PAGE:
Austrian Art Nouveau Painter, 1862-1918
Gustav Klimt (July 14, 1862 ?C February 6, 1918) was an Austrian Symbolist painter and one of the most prominent members of the Vienna Art Nouveau (Vienna Secession) movement. His major works include paintings, murals, sketches, and other art objects, many of which are on display in the Vienna Secession gallery. Klimt's primary subject was the female body, and his works are marked by a frank eroticism--nowhere is this more apparent than in his numerous drawings in pencil.
Klimt's work is distinguished by the elegant gold or coloured decoration, often of a phallic shape that conceals the more erotic positions of the drawings upon which many of his paintings are based. This can be seen in Judith I (1901), and in The Kiss (1907?C1908), and especially in Danaë (1907). One of the most common themes Klimt utilized was that of the dominant woman, the femme fatale. Art historians note an eclectic range of influences contributing to Klimt's distinct style, including Egyptian, Minoan, Classical Greek, and Byzantine inspirations. Klimt was also inspired by the engravings of Albrecht D??rer, late medieval European painting, and Japanese Rimpa school. His mature works are characterized by a rejection of earlier naturalistic styles, and make use of symbols or symbolic elements to convey psychological ideas and emphasize the "freedom" of art from traditional culture. Related Paintings of Gustav Klimt :. | Mermaids (Whitefish) (mk20) | Life is a Struggle (The Golden Knight) (mk20) | The Virgin (mk20) | Landscape Garden (Meadow in Flower) (mk20) | Upper Part of a Recumbent Girl,from the Right,and Two Studies of Hands (mk20) |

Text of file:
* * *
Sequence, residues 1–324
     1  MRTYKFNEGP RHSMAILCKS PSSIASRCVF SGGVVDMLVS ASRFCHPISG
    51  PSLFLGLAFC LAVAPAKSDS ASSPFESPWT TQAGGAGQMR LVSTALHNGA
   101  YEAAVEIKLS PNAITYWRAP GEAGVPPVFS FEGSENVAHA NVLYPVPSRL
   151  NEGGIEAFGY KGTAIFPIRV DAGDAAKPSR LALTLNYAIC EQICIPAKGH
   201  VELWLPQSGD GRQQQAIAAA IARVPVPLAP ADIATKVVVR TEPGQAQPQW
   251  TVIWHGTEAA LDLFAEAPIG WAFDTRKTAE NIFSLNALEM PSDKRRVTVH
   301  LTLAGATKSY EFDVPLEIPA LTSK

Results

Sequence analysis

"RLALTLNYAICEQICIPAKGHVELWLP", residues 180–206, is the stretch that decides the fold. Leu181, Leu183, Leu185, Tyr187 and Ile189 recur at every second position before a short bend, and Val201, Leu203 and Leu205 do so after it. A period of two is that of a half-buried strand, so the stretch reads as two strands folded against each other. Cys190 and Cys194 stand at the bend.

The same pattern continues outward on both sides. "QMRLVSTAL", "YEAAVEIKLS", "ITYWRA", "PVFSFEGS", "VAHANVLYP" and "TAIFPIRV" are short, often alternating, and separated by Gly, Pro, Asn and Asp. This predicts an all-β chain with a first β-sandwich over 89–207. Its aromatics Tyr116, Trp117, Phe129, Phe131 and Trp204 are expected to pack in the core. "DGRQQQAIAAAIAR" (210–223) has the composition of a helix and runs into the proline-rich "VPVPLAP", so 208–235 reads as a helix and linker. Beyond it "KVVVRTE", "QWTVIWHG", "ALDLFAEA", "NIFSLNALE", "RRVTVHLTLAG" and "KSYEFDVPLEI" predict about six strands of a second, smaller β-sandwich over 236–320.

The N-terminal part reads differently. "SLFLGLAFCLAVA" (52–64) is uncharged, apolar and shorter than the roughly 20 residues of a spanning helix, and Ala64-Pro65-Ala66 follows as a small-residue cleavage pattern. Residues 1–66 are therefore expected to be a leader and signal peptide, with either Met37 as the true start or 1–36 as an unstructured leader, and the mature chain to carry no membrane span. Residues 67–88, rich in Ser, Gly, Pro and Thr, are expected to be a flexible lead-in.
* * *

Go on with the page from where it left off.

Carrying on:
Related Artists:DUSART, Cornelis
Dutch Baroque Era Painter, 1660-1704
Dutch painter, draughtsman and printmaker. He was the son of the organist at St Bavo in Haarlem and one of the last pupils of Adriaen van Ostade. He became a member of the Haarlem Guild of St Luke on 10 January 1679 and served as its dean in 1692. Dated pictures by Dusart have survived from almost every year between 1679 and 1702. Two of his earliest pictures of peasants relied heavily on compositions by van Ostade: Mother and Child (1679; Dresden, Gemeldegal. Alte Meister) and Woman Selling Milk (1679; sold Amsterdam, Muller, 16 Oct 1928, lot 9; the original drawing by van Ostade is in ParisCharles-edouard Chaise
(1759, Paris - 1798, Fontainebleau) was a French neoclassical painter.
His father was a painter, art dealer and member of the Academie de Saint-Luc. Charles-Edouard studied under Jean Bonvoisin in 1775, then under Jean-Jacques Lagrenee, before winning second prize in the 1778 prix de Rome with David condemning to death the Amalekite bringing him Saul's diadem.
1801 Konigshutte-1863 Gleiwitz,German sculptor. At the age of 15 he was apprenticed at the K?nigliche Eisengiesserei in Gleiwitz, where he soon began sculpting cast-iron plaques. In 1819 Johann Gottfried Schadow summoned him to Berlin, where he was instructed in chasing by Cou? and worked in the Berlin Eisengiesserei. In 1821 he transferred to the studio of Christian Daniel Rauch. Following Rauch's example and under his influence, Kalide produced such large animal sculptures as the Resting Lion and the Sleeping Lion (several casts, e.g. zinc, 1824; Berlin, Schloss Kleinglienicke). From 1826 to 1830 Kalide worked on equestrian statuettes, including those of Frederick William II (zinc), after the model by Emanuel Bardou (1744-1818), and Frederick William III (e.g. cast iron; both Berlin, Schloss Charlottenburg, Schinkel-Pav.). In 1830 he became a member of the Berlin Akademie. His most popular works included the life-size bronze group Boy with a Swan (1836), which was installed on the Pfaueninsel in Berlin as a fountain (several casts, all untraced). Kalide achieved wide recognition and aroused violent controversy with his almost life-size marble figure Bacchante on the Panther (1848; Berlin, Schinkelmus., badly damaged). This work transgressed the accepted boundaries of classical art, above all in the figure's provocative pose, and was perceived as shocking. In its uninhibited sensuality and its blending of the human and the animal, it offended the conservative Berlin public, and consequently Kalide received few new commissions. He had no success with competition designs and became increasingly embittered. He spent his last years at Gleiwitz, where he died.